Goodreads helps you keep track of books you want to read.
Start by marking “Illusion of Free Markets” as Want to Read:
Illusion of Free Markets
Enlarge cover
Rate this book
Clear rating
Open Preview

Illusion of Free Markets

3.77 of 5 stars 3.77  ·  rating details  ·  39 ratings  ·  6 reviews

It is widely believed today that the free market is the best mechanism ever invented to efficiently allocate resources in society. Just as fundamental as faith in the free market is the belief that government has a legitimate and competent role in policing and the punishment arena. This curious incendiary combination of free market efficiency and the Big Brother state has

Hardcover, 264 pages
Published December 21st 2010 by Harvard University Press
more details... edit details

Friend Reviews

To see what your friends thought of this book, please sign up.

Reader Q&A

To ask other readers questions about Illusion of Free Markets, please sign up.

Be the first to ask a question about Illusion of Free Markets

Community Reviews

(showing 1-30 of 203)
filter  |  sort: default (?)  |  rating details
Discipline or sacrifice, and how economics can help

[Through my ratings, reviews and edits I'm providing intellectual property and labor to Inc., listed on Nasdaq, which fully owns and in 2013 posted revenues for $74 billion and $274 million profits. Intellectual property and labor require compensation. Inc. is also requested to provide assurance that its employees and contractors' work conditions meet the highest health and safety standards at all the compa
I was expecting a rundown of the epistemological errors of “spontaneous order” in capitalist society, and came up somewhat wanting. It's certainly a good analysis of the controls that were inevitable even in the high-liberal era, although when you criticize the quality of the egg, it's not the same as criticizing the quality of the chicken.

Harcourt is much more interesting when he's addressing the contemporary link between free markets and penal society, and the state power at the heart of moder
Much better to read Polanyi's The Great Transformation.
David Kaib
An even better job of busting the myth of free markets than Robert Hale, and also explains the connection market thinking and punitive approaches in non-economic arenas.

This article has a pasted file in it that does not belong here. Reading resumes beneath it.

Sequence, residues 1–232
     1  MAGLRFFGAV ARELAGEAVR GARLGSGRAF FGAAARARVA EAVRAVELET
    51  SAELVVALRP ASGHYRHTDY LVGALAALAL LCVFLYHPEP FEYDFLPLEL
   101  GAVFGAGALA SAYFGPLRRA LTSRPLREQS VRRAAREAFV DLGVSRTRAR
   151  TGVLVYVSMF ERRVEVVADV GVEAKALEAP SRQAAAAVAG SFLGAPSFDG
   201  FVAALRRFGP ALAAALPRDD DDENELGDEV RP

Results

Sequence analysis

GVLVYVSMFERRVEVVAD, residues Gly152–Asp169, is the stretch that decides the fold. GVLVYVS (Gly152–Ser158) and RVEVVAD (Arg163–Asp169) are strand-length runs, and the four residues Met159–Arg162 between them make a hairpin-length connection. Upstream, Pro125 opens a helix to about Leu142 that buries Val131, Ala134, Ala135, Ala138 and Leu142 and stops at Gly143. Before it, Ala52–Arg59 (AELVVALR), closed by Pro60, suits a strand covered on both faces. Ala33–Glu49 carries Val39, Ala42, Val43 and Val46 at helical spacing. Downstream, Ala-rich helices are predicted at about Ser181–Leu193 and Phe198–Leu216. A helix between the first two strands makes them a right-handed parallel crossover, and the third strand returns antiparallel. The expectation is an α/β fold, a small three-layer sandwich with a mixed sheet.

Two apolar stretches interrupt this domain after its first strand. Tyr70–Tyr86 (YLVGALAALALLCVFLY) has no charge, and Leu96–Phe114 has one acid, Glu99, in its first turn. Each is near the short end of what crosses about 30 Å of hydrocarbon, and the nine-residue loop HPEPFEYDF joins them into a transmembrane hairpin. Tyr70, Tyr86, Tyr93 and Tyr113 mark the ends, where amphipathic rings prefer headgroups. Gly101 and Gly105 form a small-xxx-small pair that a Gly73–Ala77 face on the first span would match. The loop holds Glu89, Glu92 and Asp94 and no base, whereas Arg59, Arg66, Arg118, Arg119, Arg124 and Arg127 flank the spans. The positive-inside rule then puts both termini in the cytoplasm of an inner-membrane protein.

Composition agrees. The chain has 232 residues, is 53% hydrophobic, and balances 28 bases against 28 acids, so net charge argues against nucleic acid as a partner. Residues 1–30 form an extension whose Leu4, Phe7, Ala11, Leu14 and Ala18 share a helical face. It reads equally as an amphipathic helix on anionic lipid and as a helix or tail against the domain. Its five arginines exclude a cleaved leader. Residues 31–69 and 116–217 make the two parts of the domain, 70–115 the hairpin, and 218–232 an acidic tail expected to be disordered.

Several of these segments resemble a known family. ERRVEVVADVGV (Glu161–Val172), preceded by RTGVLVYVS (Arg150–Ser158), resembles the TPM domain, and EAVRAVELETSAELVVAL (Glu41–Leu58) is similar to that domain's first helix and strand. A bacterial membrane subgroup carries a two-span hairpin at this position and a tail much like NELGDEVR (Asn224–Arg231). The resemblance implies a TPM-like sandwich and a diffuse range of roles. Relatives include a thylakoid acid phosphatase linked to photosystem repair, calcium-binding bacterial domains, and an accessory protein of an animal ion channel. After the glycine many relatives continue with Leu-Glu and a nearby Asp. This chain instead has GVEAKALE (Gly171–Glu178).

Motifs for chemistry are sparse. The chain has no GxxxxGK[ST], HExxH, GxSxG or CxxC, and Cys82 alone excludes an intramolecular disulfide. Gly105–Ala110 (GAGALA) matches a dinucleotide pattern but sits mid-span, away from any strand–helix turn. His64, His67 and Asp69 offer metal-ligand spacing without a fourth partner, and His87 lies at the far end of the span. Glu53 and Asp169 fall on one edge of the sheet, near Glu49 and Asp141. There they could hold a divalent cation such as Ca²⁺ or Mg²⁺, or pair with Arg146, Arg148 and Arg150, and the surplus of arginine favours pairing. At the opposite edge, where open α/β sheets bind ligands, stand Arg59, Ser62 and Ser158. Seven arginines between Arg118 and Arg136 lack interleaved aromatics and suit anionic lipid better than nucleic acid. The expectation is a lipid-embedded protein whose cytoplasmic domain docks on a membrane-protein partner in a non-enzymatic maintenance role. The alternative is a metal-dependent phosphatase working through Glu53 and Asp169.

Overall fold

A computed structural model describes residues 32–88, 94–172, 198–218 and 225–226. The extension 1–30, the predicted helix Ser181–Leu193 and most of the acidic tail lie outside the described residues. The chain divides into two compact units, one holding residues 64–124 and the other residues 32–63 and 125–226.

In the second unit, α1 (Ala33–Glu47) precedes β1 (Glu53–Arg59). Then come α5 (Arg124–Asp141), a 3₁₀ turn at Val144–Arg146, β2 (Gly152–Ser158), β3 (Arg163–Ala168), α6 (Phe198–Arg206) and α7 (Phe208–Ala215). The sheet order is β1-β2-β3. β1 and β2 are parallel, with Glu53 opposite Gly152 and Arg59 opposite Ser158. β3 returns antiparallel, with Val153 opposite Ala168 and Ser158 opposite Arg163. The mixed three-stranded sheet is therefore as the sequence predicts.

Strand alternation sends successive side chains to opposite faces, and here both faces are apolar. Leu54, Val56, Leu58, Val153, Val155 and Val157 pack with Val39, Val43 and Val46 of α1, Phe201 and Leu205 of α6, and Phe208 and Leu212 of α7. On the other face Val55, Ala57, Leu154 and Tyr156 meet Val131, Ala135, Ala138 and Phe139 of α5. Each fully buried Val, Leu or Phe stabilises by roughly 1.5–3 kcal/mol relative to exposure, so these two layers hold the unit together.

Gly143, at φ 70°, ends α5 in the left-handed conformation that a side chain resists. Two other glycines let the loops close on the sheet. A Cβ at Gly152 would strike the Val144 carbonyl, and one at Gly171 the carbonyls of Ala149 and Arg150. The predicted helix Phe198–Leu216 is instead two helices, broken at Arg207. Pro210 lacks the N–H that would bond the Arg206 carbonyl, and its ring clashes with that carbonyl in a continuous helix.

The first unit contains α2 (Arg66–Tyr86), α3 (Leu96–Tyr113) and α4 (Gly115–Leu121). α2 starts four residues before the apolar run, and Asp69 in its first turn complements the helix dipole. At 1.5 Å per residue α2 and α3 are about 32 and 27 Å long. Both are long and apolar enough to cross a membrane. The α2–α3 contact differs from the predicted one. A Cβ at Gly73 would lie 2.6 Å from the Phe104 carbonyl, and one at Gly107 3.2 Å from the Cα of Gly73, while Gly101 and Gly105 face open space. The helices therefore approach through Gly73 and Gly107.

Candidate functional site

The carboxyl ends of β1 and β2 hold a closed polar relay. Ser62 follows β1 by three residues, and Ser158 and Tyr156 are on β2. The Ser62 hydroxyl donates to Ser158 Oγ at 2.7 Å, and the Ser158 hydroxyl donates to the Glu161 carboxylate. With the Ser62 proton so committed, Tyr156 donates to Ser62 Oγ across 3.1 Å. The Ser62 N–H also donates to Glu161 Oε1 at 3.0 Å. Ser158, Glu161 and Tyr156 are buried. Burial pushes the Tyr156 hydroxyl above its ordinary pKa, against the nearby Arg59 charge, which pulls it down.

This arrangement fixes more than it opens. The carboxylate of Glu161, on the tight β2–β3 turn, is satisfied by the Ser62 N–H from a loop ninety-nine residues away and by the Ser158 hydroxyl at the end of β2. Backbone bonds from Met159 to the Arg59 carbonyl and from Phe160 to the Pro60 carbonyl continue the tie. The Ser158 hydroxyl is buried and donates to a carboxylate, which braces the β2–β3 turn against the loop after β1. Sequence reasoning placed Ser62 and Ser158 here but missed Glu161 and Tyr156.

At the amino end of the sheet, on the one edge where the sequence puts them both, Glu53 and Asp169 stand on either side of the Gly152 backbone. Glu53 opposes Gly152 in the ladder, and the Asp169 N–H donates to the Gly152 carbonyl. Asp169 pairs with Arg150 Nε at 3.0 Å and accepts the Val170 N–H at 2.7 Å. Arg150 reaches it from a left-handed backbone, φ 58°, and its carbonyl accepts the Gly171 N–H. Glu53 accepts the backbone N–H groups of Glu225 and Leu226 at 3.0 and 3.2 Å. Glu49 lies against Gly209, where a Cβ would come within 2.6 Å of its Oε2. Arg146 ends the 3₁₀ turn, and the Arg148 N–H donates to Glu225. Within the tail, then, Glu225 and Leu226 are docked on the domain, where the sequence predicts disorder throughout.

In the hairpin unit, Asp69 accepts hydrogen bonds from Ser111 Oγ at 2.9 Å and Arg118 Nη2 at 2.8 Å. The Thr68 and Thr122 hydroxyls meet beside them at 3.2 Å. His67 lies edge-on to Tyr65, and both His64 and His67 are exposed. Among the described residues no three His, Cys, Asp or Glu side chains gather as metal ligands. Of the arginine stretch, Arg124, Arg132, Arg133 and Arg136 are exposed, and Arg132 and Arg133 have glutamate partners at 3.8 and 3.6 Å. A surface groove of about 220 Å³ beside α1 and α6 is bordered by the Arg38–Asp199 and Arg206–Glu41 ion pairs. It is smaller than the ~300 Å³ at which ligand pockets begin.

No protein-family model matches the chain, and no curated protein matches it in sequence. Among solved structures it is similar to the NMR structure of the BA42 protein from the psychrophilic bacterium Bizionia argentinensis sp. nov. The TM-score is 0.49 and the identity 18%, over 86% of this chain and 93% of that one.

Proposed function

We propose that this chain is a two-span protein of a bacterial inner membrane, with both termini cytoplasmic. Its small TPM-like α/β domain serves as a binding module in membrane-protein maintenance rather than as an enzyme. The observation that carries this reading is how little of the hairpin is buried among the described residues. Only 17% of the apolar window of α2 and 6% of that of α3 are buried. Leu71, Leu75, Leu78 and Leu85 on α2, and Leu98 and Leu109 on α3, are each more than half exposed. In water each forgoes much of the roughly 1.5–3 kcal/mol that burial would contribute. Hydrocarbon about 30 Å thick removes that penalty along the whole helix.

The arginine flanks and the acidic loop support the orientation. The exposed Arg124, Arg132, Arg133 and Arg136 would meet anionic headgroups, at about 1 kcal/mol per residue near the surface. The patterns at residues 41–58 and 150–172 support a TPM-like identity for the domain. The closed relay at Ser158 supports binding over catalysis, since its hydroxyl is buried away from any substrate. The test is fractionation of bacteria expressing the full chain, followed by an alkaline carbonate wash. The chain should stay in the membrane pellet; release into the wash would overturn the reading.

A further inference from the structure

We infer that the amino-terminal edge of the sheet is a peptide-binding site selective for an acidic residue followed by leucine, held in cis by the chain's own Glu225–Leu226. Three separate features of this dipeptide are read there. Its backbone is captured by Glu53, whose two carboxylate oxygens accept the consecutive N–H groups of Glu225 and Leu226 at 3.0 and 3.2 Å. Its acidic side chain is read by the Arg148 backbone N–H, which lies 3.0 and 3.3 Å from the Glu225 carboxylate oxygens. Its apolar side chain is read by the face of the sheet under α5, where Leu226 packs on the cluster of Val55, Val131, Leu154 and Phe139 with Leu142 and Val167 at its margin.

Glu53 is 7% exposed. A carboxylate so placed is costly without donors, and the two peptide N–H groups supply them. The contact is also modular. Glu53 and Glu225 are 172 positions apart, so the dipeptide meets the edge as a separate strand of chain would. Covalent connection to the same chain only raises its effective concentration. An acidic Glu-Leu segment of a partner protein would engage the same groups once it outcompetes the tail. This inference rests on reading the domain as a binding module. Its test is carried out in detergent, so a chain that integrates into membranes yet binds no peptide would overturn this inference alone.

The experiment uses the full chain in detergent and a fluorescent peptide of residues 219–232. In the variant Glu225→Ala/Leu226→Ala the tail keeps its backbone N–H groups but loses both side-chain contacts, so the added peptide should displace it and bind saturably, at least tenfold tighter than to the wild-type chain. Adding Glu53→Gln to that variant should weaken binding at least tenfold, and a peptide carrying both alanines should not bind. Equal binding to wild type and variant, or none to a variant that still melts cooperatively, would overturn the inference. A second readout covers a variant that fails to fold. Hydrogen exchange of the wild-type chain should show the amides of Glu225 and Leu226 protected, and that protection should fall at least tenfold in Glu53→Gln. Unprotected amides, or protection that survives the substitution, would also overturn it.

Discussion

Ben Chinn
Some interesting ideas but I couldn't get past the academic jargon and lefty posturing. Gave up after the first couple of chapters.
The Wall Street Journal reviews the book here:
Ishmael is currently reading it
May 31, 2015
Richard marked it as to-read
May 29, 2015
Ryan Sta.mina
Ryan Sta.mina marked it as to-read
Apr 07, 2015
Justin Lomas
Justin Lomas marked it as to-read
Mar 30, 2015
Ben marked it as to-read
Feb 25, 2015
Pierre A Renaud
Pierre A Renaud marked it as to-read
Jan 18, 2015
Gabor marked it as to-read
Jan 17, 2015
Scott marked it as to-read
Jan 07, 2015
Namita marked it as to-read
Dec 28, 2014
Jay added it
Dec 15, 2014
Kobean marked it as to-read
Dec 03, 2014
Paul marked it as to-read
Dec 02, 2014
Mark marked it as to-read
Nov 30, 2014
Julian Patton
Julian Patton marked it as to-read
Nov 27, 2014
gkredhead marked it as to-read
Nov 17, 2014
Nick marked it as to-read
Nov 01, 2014
xDEAD ENDx marked it as to-read
Oct 31, 2014
« previous 1 3 4 5 6 7 next »
There are no discussion topics on this book yet. Be the first to start one »
  • Punishment and Inequality in America
  • Race to Incarcerate
  • Liquidated: An Ethnography of Wall Street
  • The Condemnation of Blackness: Race, Crime, and the Making of Modern Urban America
  • Freud
  • Affluence and Influence: Economic Inequality and Political Power in America
  • How Capitalism Underdeveloped Black America: Problems in Race, Political Economy, and Society (Updated Edition)
  • The Enigma of Capital and the Crises of Capitalism
  • Punishing the Poor: The Neoliberal Government of Social Insecurity
  • Frontiers of Justice Disability, Nationality, Species Membership (OIP): Disability, Nationality, Species Membership (Tanner Lectures on Human Values) (The Tanner Lectures on Human Values)
  • Reflections on Violence
  • Tripping with Allah: Islam, Drugs, and Writing
  • How Democratic Is the American Constitution?
  • Black Wealth/White Wealth: A New Perspective on Racial Inequality
  • American Apartheid: Segregation and the Making of the Underclass
  • World on the Edge: How to Prevent Environmental and Economic Collapse
  • The Precariat: The New Dangerous Class
  • The Affluent Society
Bernard Harcourt is the Julius Kreeger Professor of Law & Criminology and Chair and Professor of Political Science at The University of Chicago.

Professor Harcourt's scholarship intersects social and political theory, the sociology of punishment, criminal law and procedure, and criminology. He is the author of Against Prediction: Punishing and Policing in an Actuarial Age (University of Chicago
More about Bernard E. Harcourt...
Illusion of Order: The False Promise of Broken Windows Policing Language of the Gun: Youth, Crime, and Public Policy Against Prediction: Profiling, Policing, and Punishing in an Actuarial Age Guns, Crime, and Punishment in America Occupy: Three Inquiries in Disobedience

Share This Book